In August, the California Privacy Protection Agency (CPPA) released its initial draft regulations for cybersecurity audits and risk assessments under the California Privacy Rights Act (CPRA). While the CPPA has not yet commenced its formal rulemaking process for these regulations, once finalized, businesses will be required to perform annual cybersecurity audits and regularly submit risk assessments to the CPPA related to their processing of personal information. Last week, at the “Privacy. Security. Risk. 2023” conference hosted by the International Association of Privacy Professionals (IAPP), Executive Director of the CPPA, Ashkan Soltani, indicated that the board will begin its discussions about these draft regulations at its yet-unscheduled November meeting. However, before these regulations become effective, the draft must go through the lengthy California regulatory process.
As currently drafted, the risk assessment regulations focus on privacy-related risks in the use of artificial intelligence and automated decision-making technologies. Note: risk assessments must be conducted and submitted to the CPPA where the business’ processing of personal information presents a significant risk to consumers’ privacy or security. What exactly does that mean? The draft regulations provide some examples, such as selling or sharing personal information, processing sensitive personal information, and processing the personal information of consumers to train AI or automated decision-making technologies.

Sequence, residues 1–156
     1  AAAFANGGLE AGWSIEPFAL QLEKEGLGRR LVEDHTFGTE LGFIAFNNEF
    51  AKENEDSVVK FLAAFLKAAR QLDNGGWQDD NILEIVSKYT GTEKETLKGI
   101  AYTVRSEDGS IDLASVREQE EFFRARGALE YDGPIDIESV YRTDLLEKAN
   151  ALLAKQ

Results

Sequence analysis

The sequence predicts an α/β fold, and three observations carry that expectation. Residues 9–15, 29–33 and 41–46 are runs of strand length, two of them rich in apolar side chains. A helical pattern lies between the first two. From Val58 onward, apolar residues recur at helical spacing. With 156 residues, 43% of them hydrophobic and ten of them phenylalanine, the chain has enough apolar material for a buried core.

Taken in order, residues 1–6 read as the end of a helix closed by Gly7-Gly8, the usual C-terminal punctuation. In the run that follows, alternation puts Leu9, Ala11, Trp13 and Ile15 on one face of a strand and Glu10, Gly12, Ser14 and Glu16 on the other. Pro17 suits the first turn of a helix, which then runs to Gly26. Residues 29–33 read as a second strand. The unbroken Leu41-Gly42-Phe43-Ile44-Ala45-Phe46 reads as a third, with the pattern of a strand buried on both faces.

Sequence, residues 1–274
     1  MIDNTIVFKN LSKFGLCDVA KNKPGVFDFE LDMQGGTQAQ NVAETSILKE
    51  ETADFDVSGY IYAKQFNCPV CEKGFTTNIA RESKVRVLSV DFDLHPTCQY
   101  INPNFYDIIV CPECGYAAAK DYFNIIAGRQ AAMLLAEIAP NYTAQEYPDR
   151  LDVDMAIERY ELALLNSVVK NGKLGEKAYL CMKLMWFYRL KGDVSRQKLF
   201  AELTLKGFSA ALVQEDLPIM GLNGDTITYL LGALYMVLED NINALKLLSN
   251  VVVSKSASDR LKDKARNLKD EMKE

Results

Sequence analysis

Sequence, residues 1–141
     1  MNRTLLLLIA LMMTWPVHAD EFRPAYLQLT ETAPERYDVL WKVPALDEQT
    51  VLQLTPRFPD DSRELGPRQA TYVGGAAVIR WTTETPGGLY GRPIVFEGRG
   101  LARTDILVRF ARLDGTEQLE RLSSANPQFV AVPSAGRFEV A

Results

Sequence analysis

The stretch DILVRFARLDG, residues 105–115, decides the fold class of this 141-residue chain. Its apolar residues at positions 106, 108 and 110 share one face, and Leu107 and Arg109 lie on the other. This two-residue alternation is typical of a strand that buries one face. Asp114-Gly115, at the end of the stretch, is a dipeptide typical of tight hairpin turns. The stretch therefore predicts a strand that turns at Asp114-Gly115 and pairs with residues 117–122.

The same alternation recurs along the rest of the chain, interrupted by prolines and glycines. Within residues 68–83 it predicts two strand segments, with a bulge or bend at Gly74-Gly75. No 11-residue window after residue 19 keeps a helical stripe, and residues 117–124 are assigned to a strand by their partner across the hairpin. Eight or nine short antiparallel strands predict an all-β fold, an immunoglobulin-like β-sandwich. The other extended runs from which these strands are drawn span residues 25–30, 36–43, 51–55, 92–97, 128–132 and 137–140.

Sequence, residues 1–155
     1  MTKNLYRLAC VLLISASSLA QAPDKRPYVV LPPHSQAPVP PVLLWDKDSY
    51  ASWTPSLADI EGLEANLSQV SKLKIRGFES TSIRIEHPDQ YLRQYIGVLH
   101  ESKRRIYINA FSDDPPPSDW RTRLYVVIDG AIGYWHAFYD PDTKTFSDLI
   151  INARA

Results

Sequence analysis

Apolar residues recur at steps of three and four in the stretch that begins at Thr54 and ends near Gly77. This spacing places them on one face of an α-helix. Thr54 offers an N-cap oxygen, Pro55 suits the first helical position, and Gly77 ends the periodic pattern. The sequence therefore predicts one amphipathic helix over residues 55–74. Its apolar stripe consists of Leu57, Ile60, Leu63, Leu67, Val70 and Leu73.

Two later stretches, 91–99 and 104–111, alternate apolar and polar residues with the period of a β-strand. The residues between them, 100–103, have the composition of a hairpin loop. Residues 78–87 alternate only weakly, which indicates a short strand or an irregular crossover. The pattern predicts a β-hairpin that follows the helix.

As part of the lengthy rulemaking process, the CPPA will request public comment to the draft and then subsequently summarize the comments and respond to each one. After processing all of these public comments, the CPPA will compile and prepare its final rulemaking package. This package will include the text of the final regulations, documentation and materials relied upon in the drafting of the regulations, a final statement of reasons with attached appendices containing summaries and responses, and economic and fiscal impact statements. But when will this process really begin?
Well, if we look to the timeline and process for issuing the final CPRA regulations for an estimate, which took a little less than 250 days, the last round of cybersecurity audit and risk assessment regulations will likely go into effect in August or September 2024. However, since these regulations are narrower and cover less subject matter, developing this rulemaking package may not require as much time as the CPRA regulations.